"You have to get your suitcase ready now."
Translation:Il faut préparer ta valise maintenant.
The differences between "falloir" and "devoir" is a subject for linguistic philosophers.
"Il faut" implies that something is necessary (necessary to have or necessary to do).
"Tu dois" implies that you are obliged to do something or you owe something.
Some sources online maintain that "Falloir" is stronger and more formal than "devoir", but from what I can see from the comments from native French speakers they are practically interchangeable.
The only marked difference between the two is that, because "falloir" is an impersonal verb, using "devoir" puts more of an emphasis on the subject of the sentence, and, conversely, using "falloir" stresses the thing that it is necessary to have or to do. But, in most contexts, that difference is minimal.
And for this sentence in particular, I think your translation should work, but, from what I can see, "faire ta valise" would be the way it is more commonly said.
Il faut + infinitive = "to need to [do something]" OR "must / to have to [do something]"
Falloir is only ever conjugated in the masculine 3rd person singular and here il is impersonal - it does not mean "he".
As the given sentence specifies ta valise → "your suitcase", it is clear who the sentence addresses. When a sentence does not provide extra information, such as "You have to go now" you can add specificity to it by adding an indirect object pronoun → "Il te faut y aller maintenant ".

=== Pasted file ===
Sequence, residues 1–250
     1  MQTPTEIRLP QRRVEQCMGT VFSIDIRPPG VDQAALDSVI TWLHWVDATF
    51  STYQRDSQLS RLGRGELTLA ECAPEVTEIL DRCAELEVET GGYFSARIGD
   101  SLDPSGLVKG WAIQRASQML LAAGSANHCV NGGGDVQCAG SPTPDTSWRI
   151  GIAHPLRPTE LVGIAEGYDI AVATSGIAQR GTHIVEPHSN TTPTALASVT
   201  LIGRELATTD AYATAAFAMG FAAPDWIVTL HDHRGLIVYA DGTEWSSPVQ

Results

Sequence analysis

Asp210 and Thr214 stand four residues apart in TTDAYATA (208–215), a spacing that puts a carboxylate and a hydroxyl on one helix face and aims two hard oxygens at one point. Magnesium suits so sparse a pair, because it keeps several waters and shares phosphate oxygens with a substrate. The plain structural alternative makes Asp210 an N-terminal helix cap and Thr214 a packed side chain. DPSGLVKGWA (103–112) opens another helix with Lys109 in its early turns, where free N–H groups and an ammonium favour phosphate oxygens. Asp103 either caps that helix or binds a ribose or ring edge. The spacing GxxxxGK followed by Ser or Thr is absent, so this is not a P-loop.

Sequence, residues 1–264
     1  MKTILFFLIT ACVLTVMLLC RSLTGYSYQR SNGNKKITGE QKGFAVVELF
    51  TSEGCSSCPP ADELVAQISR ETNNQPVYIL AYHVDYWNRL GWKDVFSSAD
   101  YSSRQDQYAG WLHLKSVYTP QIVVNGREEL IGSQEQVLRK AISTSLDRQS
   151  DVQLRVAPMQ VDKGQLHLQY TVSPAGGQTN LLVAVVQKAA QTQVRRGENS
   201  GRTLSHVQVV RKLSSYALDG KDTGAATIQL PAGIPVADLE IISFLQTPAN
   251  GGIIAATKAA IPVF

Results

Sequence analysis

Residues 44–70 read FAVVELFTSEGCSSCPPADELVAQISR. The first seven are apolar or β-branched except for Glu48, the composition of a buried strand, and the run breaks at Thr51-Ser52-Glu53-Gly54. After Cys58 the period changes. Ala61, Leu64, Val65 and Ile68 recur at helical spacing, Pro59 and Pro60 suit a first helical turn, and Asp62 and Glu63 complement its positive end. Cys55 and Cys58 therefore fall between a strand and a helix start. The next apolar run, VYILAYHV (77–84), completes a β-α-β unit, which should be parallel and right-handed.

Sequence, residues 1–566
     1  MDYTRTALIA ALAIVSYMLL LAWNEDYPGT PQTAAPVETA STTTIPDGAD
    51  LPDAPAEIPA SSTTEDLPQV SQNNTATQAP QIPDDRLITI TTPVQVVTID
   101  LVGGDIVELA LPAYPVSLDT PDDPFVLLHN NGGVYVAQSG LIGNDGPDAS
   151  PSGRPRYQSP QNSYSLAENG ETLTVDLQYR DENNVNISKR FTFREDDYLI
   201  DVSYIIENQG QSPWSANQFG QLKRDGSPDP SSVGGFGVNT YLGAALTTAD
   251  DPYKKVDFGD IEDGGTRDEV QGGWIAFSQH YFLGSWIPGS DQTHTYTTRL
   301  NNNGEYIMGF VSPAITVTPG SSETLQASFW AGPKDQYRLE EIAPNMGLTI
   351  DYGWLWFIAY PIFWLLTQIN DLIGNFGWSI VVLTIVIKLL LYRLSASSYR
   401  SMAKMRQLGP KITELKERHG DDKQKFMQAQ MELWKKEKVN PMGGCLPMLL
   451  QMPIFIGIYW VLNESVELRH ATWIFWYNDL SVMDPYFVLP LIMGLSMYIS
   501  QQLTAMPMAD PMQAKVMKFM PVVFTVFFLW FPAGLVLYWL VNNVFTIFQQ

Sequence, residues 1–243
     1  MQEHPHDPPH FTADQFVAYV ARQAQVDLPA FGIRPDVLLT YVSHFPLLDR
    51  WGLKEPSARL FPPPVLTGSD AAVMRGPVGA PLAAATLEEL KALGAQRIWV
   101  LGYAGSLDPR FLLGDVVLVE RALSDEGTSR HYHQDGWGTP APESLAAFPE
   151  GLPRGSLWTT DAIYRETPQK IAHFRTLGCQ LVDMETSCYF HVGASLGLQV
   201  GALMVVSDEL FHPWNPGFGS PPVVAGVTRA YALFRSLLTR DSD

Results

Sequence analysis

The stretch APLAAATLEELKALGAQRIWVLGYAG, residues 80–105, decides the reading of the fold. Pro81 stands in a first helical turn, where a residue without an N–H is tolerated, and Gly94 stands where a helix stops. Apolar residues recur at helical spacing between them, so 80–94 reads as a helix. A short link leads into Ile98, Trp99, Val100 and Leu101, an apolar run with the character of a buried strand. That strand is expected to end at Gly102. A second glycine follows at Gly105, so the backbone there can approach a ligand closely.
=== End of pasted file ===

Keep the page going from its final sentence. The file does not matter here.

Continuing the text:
NB In French, you can't say "go" without giving at least a hint of "where". "Y"stands for "là" or "là-bas" ("there" or "over there") either because the place was mentioned before or just to mean you are going somewhere.
To read more about the use of il faut see: here
"Il faut" can be, and often is, used without the extra pronoun. You're right though, the sentence "Il faut préparer ta valise maintenant" could be translated to "We need to", "You need to" or even "I need to" in English...
...but that is how the phrase is often used in the French. You can stress that "you" are going to be the one packing "your suitcase" with "Il te faut", but the French sentence is usually more about what needs to be done and not who is going to be doing it. If the English context were "You need to get your suitcase ready! I'm not going to do it." Then, if "il faut" were used at all, it would probably be "Il te faut".
That said, "Il te faut préparer ta valise maintenant." should be an accepted answer to this translation. It's just not the only acceptable and, arguably by some, it is not the most likely translation.
Thanks. I know it's common to focus on the action in such cases, and that English doesn't really have this sort of "il faut on doit" construct. Still, it was a bit odd to see this choice of words, as they portray a slightly different picture - one would be "C'mon, your suitcase won't get ready by itself" and the other is more like "You know you have to pack your stuff, right?"
I'm not sure about my preference is the context of learning a language - Normally, such grammatical nuances between literal meaning and common use would be explained as a side-note, but this platform does not have them, and in such case maybe it's better to stick with the more restrictive wording.